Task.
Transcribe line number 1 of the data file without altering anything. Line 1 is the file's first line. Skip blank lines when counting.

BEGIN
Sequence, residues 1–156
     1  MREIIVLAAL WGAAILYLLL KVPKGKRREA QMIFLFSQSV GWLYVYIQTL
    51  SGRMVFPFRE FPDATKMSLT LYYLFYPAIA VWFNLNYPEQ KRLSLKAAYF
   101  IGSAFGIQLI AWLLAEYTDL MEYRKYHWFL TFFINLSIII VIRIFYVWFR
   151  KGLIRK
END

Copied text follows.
Sequence, residues 1–156